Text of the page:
Last night I went to a hip-hop concert. In a small club, overfilled with 18-20 year olds, two bands – from Holland and Russia – performed their songs, spreading uncontrollable emotions over the excited crowd.

Standing above the crowd in the club, with a great view from the DJ’s booth, I felt this sensation of union and freedom, that only a good artist on stage can generate. A new song started and hundreds of fists went in the air. “YOU–AND-ME-GOT-TO-BE – FREE!” screamed the tall singer from the stage, making everyone in the club join him in one excited howl. And just when I heard that, I observed each and every face in the crowd below, thinking, “Do they know what they are screaming about?”

Freedom is cherished and praised almost as much as love. But just like very few people realize what love is, even less understand the true meaning of the word “freedom.”

Simply put, we think of freedom as the ability to fulfill our desires. But have you ever asked yourself where do our desires come from? Why do we want certain things and not others? And do we really become free by simply fulfilling the desires that emerge within us? Is this really our choice?

Kabbalah gives a straightforward reply to this question – no, this isn’t where our choice lies. Kabbalah introduces a completely new approach to the question of gaining and maintaining personal freedom.

Freedom is Not What It Seems

To us, being free basically means “Nothing should stand in the way of me getting as much pleasure as possible.” But it so happens that in order to achieve this goal, we often choose to suffer. As children, how many times have we eaten vegetable soup in order to get a candy afterwards? From our first days till the very last, we balance between the things that we actually want to do and the things that we have to do to get what we want.

But even as we try to find the balance between suffering and pleasure, somehow we usually feel that we suffer much more than we actually feel satisfied and happy. And that’s when we may start thinking, “I’m trapped. I’m going around in circles and have no way out.” That’s when we start realizing that we are not in a position to choose very much.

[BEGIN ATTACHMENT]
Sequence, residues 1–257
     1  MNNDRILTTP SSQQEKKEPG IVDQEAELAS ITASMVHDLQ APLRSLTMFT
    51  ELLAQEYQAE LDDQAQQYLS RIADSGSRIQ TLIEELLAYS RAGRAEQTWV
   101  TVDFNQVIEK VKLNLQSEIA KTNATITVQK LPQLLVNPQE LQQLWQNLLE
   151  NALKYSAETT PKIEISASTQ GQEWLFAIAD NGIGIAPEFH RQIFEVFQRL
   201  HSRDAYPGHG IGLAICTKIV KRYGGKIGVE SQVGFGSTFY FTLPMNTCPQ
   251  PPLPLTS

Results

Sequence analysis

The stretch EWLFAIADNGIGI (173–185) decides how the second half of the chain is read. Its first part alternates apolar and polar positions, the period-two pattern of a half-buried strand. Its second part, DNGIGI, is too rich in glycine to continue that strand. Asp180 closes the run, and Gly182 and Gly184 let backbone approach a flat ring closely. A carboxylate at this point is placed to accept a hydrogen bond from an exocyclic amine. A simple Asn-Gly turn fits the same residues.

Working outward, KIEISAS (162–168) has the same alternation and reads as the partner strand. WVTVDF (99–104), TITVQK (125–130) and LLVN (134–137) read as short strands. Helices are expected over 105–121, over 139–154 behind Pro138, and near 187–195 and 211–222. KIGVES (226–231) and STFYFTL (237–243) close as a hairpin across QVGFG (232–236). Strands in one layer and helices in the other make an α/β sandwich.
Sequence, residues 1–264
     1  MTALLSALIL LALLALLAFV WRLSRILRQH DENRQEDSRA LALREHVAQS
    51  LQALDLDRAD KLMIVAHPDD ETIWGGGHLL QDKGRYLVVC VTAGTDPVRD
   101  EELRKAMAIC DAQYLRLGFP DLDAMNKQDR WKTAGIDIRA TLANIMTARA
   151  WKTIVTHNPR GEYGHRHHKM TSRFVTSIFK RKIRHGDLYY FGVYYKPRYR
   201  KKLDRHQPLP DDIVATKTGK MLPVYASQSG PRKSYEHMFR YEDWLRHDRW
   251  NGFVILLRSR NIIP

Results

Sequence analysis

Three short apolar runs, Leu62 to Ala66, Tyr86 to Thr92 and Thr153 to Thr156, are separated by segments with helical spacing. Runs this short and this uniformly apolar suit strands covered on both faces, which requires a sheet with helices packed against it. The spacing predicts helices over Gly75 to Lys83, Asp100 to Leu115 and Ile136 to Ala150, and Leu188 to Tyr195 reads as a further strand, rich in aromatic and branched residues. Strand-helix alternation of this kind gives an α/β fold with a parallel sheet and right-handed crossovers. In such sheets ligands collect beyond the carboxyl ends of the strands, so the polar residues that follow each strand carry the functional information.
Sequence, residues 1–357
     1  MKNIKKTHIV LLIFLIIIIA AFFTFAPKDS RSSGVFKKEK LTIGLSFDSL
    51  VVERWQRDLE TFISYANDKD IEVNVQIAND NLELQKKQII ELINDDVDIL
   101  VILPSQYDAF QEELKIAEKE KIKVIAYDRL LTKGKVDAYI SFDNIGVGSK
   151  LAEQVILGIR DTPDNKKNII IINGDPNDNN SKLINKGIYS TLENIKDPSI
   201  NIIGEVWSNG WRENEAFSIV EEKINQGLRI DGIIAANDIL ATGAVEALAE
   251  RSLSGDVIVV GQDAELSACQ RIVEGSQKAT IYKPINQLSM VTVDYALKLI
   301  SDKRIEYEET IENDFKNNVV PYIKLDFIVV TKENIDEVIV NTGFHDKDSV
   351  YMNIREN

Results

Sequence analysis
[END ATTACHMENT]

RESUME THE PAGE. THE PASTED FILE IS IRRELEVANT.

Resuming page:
And Kabbalah explains that in fact, we’re not in a position to choose anything. Whether we like it or not, we all depend on our society, our culture, our genes and our hormones – and all our choices are completely affected by these factors.

From my DJ-booth at that hip-hop concert, I could see a VIP area and a man, around 50 years old, who was jumping around and screaming, maybe even louder than the crowd on the floor below. Was he drunk, I wondered, or just inspired by the emotion that was coming up from the floor? Probably both, but he certainly wouldn’t act like this at, say, a classical music concert – even a very energetic one. Why? Because the surroundings would be different. He would be surrounded by different perceptions, traditions, and tastes. There, he would act like everyone else, because just like all of us, he values other people’s opinion.

How many times have we heard, “Oh, what will people say?” What others think is very important to us and we can’t go on if we are surrounded by those who do not accept us, who criticize or even hate us. And when we make our “free choices,” those choices are in fact determined by traditions, habits and opinions of other people.

Hence, Kabbalah says that true freedom doesn’t exist in our world, but it does exist in the spiritual world. And we can use the way our society influences us in this world to develop faster towards the spiritual world.

Kabbalists explain that one can surround himself with a society that appreciates spirituality, and thus advance faster towards revelation of and connection with the Upper Force—the source of life. And since this source does not depend on anything to sustain it, the more you connect with it—the freer you become.